Stakeholders identify ways to improve access to secondary education for marginalised youths
TO improve access to quality secondary education for girls and other marginalised youths, Nigerians must begin to see education as a collective responsibility.
Permanent Secretary, Federal Ministry of Education, Dr. MacJohn Nwaobiala, made the call while speaking at the maiden meeting of stakeholders in secondary education by Results for Development Institute (R4D) and The Education Partnership Centre (TEP Centre), under the auspices of the Partnership to Strengthen Innovation and Practice in Secondary Education (PSISPE).
The PSIPSE Nigeria Convening, held at the Eko Hotels and Suites, Lagos, brought together stakeholders and decision-makers in secondary education in Nigeria to share knowledge and experiences, discuss best practices and innovations, and encourage peer-to-peer collaboration.
Nwaobiala, who was one of the speakers at the convention, said that in addition to being collectively responsible, adopting approaches that strengthen government and private sector collaboration would also help improve the education system immensely.
On her part, the Managing Director, TEP Centre, Dr. Modupe Adefeso-Olateju, noted that well-designed and strategic public-private partnerships could address challenges, which affect access, quality and equity in Nigerian education.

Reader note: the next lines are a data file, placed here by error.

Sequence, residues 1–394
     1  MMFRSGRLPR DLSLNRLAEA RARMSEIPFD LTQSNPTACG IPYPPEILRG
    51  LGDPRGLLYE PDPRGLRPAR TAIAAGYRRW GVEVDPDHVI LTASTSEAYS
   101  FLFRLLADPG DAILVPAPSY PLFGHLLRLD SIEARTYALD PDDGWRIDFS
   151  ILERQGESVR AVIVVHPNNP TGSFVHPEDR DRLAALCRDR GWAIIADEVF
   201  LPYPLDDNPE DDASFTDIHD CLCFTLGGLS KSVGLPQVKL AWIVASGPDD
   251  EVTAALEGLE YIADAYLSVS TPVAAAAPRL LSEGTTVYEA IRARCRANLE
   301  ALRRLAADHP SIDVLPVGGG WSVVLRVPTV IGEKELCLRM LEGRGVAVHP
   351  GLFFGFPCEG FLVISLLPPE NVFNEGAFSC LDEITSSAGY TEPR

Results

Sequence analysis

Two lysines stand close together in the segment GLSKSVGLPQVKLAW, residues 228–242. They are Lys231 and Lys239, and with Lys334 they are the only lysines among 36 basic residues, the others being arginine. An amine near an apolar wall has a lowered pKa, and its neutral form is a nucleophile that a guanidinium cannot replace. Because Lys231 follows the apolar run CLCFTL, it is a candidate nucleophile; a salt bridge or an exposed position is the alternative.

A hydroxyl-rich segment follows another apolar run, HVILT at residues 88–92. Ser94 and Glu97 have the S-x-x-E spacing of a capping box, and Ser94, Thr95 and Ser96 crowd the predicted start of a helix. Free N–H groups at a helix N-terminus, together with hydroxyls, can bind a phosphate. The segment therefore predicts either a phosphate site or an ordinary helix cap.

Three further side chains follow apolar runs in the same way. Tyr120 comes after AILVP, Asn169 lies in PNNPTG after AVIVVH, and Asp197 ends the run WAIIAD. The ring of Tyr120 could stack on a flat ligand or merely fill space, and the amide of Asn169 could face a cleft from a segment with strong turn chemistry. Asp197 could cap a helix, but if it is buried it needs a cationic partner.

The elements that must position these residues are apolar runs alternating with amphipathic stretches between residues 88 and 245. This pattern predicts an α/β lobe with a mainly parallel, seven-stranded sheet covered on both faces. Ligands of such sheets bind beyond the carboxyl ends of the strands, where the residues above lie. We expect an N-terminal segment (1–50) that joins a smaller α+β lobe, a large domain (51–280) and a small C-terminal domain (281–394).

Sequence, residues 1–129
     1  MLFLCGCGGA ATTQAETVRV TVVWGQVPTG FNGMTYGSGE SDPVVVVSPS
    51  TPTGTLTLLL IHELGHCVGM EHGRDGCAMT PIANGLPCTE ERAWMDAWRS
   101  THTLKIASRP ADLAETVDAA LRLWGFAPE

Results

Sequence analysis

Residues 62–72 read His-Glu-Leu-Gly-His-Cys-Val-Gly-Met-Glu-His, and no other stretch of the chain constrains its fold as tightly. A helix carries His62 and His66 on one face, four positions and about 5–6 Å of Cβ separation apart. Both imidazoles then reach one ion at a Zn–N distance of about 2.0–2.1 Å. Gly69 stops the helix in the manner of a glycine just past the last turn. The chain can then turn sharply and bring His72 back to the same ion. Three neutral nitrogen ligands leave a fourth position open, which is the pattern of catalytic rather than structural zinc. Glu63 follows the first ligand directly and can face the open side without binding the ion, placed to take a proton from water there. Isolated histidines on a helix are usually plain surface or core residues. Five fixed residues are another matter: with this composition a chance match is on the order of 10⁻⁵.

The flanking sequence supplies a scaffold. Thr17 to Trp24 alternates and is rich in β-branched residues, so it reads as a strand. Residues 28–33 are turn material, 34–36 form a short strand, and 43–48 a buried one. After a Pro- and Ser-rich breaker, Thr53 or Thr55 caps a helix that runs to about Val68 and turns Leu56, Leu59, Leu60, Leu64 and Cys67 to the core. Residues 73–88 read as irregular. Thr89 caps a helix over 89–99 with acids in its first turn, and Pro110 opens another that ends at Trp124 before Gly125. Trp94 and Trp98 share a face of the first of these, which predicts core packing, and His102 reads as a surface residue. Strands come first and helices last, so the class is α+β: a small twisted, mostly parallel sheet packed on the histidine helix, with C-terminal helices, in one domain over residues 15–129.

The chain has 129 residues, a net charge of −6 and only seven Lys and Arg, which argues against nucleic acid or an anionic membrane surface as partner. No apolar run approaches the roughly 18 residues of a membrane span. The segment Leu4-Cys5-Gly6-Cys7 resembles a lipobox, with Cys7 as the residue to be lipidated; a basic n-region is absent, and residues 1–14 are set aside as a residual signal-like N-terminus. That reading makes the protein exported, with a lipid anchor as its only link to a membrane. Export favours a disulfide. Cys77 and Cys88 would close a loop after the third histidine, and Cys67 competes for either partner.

However, while addressing the challenges facing access to quality secondary education for girls and marginalised youths, the team leader, Human Development, DFID Nigeria, Ms Kemi Williams, who was the keynote speaker, stated that the solution to removing barriers requires a comprehensive understanding of how the barriers interrelate, and a holistic approach to addressing them.
The convention was held as part of efforts to improve innovation and practice in secondary education in Nigeria. Technical sessions at the event focused on sharing knowledge on monitoring and evaluation, translating research into policy, strengthening the design of secondary education research, scaling projects and engaging policymakers.
The PSIPSE, a funder collaborative, seeks to increase secondary education access and improve learning outcomes especially for girls and marginalized populations by accelerating innovation in secondary education programming, research, and development in selected countries. It is led by a group of private donors and donor advisors, including ELMA Philanthropies, Human Dignity Foundation, Intel Foundation, the John D. and Catherine T. MacArthur Foundation, MasterCard Foundation, and an anonymous donor.
In her closing remarks, a board member of Results for Development Institute (R4D) and Chairman, Hygiea Nigeria, Mrs. Fola Laoye, said that for the country to be truly competitive in a global economy, there is need to return to a merit-driven system.
She commended PSIPSE grant recipients for their commitment to designing and implementing innovative secondary education projects.
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